The New Deal and World War I1

The New Deal and World War I1 - promising that Japan would...

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The New Deal and World War II Roosevelt’s leadership through economic reconstruction, war The heads of the U.S., British, and Soviet governments met at Potsdam, a suburb  outside Berlin, from July 17 to August 2, 1945, to discuss operations against Japan, the  peace settlement in Europe, and a policy for the future of Germany. Perhaps presaging  the coming end of the alliance, they had no trouble on vague matters of principle or the  practical issues of military occupation, but reached no agreement on many tangible  issues, including reparations. The day before the Potsdam  Conference began, U.S. nuclear scientists engaged in the secret Manhattan Project  exploded an atomic bomb near Alamogordo, New Mexico. The test was the culmination  of three years of intensive research in laboratories across the United States. It lay  behind the Potsdam Declaration, issued on July 26 by the United States and Britain, 
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Unformatted text preview: promising that Japan would neither be destroyed nor enslaved if it surrendered. If Japan continued the war, however, it would meet “prompt and utter destruction.” President Truman, calculating that an atomic bomb might be used to gain Japan’s surrender more quickly and with fewer casualties than an invasion of the mainland, ordered that the bomb be used if the Japanese did not surrender by August 3. A committee of U.S. military and political officials and scientists had considered the question of targets for the new weapon. Secretary of War Henry L. Stimson argued successfully that Kyoto, Japan’s ancient capital and a repository of many national and religious treasures, be taken out of consideration. Hiroshima, a center of war industries and military operations, became the first objective....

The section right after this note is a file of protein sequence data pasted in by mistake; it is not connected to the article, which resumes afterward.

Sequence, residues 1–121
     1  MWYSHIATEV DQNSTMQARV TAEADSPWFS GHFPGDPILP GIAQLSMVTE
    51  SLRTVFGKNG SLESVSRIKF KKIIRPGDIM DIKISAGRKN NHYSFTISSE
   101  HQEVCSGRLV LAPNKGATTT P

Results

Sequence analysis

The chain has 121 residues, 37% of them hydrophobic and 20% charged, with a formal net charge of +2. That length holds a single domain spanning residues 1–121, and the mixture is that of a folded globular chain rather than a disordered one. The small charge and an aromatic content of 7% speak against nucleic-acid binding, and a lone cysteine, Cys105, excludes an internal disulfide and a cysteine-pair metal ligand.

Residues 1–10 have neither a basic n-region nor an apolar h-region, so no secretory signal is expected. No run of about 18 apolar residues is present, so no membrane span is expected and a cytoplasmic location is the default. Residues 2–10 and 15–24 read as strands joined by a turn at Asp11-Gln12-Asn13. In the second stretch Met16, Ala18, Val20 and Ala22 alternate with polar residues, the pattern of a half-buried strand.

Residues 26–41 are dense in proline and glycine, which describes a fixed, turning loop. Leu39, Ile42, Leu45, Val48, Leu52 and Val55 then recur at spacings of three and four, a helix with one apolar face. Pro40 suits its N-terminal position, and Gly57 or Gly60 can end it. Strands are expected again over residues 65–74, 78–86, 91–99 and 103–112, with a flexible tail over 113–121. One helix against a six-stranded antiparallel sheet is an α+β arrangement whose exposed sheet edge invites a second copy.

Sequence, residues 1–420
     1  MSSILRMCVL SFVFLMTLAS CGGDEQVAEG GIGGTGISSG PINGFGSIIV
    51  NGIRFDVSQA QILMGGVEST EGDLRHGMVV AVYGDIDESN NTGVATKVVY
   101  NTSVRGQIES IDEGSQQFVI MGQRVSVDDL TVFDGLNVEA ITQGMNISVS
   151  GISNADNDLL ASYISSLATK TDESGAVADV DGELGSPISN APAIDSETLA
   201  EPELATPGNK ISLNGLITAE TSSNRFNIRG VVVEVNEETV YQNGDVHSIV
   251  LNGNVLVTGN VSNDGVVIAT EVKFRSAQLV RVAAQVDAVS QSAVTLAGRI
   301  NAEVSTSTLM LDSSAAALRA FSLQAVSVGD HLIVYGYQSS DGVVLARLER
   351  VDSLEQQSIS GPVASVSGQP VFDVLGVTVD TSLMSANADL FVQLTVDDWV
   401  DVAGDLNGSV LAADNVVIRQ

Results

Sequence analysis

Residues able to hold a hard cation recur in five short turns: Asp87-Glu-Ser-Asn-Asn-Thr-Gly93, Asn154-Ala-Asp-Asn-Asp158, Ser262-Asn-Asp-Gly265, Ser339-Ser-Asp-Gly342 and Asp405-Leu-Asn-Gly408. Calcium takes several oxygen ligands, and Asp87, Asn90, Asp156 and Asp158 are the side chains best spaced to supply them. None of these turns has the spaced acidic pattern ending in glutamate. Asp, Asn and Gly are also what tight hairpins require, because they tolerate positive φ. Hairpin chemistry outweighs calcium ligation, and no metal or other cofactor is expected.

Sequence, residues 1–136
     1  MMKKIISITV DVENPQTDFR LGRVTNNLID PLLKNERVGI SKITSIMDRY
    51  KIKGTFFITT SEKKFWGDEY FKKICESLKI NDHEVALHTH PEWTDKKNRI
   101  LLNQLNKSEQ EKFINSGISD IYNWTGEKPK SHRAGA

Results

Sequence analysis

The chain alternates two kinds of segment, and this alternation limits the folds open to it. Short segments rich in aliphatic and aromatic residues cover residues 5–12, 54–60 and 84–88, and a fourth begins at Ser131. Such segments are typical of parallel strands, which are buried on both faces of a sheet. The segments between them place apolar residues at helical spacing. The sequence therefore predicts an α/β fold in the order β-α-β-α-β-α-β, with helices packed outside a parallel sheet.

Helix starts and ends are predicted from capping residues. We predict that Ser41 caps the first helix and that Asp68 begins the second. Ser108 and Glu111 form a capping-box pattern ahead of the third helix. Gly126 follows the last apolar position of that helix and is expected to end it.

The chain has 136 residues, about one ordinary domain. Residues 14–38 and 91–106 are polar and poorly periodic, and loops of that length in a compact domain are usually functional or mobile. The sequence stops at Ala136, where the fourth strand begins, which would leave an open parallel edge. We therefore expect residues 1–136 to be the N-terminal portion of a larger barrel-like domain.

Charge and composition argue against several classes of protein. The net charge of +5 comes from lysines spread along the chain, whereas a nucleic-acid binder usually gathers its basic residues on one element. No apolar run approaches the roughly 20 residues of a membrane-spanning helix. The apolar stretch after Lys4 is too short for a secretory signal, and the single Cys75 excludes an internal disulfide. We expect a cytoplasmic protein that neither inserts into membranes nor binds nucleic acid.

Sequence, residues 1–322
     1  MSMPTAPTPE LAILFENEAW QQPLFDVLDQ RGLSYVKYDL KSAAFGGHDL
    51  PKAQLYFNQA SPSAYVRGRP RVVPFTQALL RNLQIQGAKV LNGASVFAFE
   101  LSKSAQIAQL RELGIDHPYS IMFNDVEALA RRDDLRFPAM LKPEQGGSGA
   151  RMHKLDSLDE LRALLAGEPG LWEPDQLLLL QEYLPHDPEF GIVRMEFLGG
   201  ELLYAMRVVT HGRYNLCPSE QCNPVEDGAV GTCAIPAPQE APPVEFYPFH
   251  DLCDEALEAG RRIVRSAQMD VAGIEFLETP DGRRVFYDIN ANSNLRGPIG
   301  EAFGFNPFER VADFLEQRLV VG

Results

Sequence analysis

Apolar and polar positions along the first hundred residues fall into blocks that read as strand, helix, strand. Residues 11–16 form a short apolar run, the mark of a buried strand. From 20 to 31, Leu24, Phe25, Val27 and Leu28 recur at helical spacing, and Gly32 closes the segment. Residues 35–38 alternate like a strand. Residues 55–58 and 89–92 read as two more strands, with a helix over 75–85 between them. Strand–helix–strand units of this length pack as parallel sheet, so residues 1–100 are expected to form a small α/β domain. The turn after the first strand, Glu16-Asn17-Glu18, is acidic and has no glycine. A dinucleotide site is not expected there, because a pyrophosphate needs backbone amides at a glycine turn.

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This note was uploaded on 12/22/2011 for the course AMH AMH2010 taught by Professor Pietrzak during the Fall '10 term at Broward College.

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